Cozy Dog Drive In, Springfield, Ill.
It might be the most well-known food item at fairs across the country. It’s probably the best-known food to ever be served on a stick, which wasn’t always the case. It’s the corn dog, an iconic part of American culture that really needs little introduction. Almost everyone has eaten a corn dog at some point in their life, because it’s the ultimate fair food, a comfort food that you can carry with one hand.
Who actually invented the corn dog is a point of debate, as three different places claim to have sold the first ones, which debuted around the time of World War II. If you’re in central Illinois, however, there’s no debate. It’s widely accepted there that the corn dog was invented in 1946 at what became the Cozy Dog Drive-In, and saying otherwise could lead to a fight in the state capital of Springfield. There’s also no debate because they don’t call them corn dogs at Cozy Dog. The call them, you guessed it, cozy dogs.
Outside of central Illinois, what is accepted is that Cozy Dog was the first to put the corn dog on a stick. Yes, hard to believe, but at one time, a corn dog was nothing more than a hot dog with batter instead of a bun. It was still dipped and deep fried, but customers held it the way they did a regular hot dog. Cozy Dog changed that by using tongs to impale the hot dogs before dipping them into the batter, which became their own special mix of the famous cornbread we know today.
Today, Cozy Dog uses the standard sticks, and uses a very nifty apparatus to load them and dip them into the batter. The hot dog is placed on the stick, and then loaded into a rack that was created by Ed Waldmire, the original founder of Cozy Dog. It’s then dipped in the batter and placed in the oil to be deep-fried, but it’s not dipped and fried until you order.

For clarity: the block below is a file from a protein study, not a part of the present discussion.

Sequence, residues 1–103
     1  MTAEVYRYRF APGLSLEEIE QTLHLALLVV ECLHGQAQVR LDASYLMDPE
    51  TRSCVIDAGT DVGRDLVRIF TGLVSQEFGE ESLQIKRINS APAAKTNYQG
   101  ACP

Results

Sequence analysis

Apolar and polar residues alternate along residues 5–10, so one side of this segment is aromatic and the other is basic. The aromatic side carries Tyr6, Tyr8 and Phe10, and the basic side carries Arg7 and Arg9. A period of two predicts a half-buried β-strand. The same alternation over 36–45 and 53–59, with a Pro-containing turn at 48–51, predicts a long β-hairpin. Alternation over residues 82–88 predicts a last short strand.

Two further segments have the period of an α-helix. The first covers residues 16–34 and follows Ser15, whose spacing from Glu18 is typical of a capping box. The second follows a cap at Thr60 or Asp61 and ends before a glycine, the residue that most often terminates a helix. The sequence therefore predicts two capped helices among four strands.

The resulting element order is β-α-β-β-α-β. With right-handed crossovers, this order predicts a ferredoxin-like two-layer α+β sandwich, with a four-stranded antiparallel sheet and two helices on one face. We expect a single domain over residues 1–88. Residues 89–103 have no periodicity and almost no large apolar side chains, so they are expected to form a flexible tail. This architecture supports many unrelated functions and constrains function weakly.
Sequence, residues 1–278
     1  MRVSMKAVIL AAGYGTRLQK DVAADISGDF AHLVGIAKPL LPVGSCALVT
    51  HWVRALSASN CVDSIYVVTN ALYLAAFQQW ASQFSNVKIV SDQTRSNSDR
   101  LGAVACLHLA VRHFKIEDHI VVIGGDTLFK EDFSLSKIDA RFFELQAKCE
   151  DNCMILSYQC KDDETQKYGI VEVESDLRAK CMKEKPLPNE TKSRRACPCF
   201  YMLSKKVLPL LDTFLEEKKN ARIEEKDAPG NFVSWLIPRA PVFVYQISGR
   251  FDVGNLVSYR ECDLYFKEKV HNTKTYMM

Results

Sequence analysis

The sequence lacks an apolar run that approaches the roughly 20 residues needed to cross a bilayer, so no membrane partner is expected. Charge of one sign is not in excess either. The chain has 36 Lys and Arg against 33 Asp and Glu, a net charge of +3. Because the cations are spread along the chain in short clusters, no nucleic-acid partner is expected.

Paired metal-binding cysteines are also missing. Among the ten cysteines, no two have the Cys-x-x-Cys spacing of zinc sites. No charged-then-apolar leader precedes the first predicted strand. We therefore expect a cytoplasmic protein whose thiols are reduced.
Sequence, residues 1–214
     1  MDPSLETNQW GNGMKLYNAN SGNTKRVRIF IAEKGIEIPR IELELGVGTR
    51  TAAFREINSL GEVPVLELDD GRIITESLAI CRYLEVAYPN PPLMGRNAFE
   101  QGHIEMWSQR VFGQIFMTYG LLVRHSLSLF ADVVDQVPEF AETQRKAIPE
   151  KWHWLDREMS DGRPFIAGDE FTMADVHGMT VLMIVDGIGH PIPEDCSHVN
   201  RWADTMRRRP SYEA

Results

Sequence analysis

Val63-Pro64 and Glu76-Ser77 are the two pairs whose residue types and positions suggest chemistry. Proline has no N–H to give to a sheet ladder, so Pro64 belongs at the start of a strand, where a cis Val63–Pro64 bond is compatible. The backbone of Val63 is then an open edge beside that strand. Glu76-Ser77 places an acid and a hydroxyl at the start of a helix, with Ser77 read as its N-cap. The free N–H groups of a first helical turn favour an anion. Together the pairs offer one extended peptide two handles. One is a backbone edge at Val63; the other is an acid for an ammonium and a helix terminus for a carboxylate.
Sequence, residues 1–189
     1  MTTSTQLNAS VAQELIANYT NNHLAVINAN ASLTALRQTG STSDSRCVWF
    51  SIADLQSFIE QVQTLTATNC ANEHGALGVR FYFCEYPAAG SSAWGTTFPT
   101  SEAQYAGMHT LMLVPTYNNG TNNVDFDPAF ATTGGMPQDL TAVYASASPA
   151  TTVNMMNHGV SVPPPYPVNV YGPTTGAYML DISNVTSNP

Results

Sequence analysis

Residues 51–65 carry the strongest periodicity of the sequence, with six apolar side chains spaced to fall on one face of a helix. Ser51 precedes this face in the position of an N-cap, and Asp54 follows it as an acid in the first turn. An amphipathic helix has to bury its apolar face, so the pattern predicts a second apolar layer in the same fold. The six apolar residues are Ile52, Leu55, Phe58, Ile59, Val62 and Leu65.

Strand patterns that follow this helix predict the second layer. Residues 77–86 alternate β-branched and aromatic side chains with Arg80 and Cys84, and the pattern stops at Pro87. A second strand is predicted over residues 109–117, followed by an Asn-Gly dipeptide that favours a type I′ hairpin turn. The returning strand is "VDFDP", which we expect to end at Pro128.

A lot of corn dogs made this way end up with the batter either being too soft and feeling like a greasy pillow, or too tough and end up with a flavorless crunch. Not the case at Cozy Dog. When you bite into the cornbread batter, it’s crispy on the outside, soft on the inside and tasty all the way through. The cornbread comes out a pure golden brown, which is always a good sign. Plus, the hot dogs have the spice and snap of a good sausage, adding an unexpected and welcome level of flavor.
You might remember from Superdawg that in Chicago, ketchup is never allowed on a hot dog. That isn’t the case at Cozy Dog, because the cornbread has a sweetness that works as a natural partner to the ketchup, which is known for being a sweeter condiment. On a regular hot dog, the ketchup’s sweetness overwhelms the non-sweet hot dog and more tart and spiced toppings that are accepted. But when it’s already sweet, it’s merely a delicious and acceptable complement to the bread and meat. Of course, if you can’t bring yourself to add ketchup to a hot dog in any situation, mustard is available, and the Cozy Dog is very delicious plain.
Along side it, Cozy Dog also serves high-quality fries, cooked skin-on the way good french fries should be. They’re a great addition that make it a full meal. The corn dog has come a long way since its introduction, but simple is sometimes better in the culinary world. Their way has worked for nearly 70 years at Cozy Dog, and a trip here always feels a little like a visit to the fair.
Time to go: Anytime between 8 a.m. and 8 p.m. on Monday through Saturday works. Cozy Dog is not open on Sundays.
Wait during my visit: None. Springfield is not exactly Chicago, and you won’t have to fight huge crowds.
Location: Cozy Dog is on what was part of historic Route 66. It’s located at 2935 S. Sixth Street in Springfield, Ill.
Cost: OK, it’s not 1946, so you can’t get a Cozy Dog for 15 cents anymore. But these prices aren’t bad. Two Cozy Dogs with medium fries and drink cost about $8. Not quite Aguila Hall-worthy, but not bad.
Parking: Not bad. The lot isn’t big, but it’s Springfield.
Seating arrangement: Tables and chairs
Website: Cozy Dog
Signature items: Cozy Dogs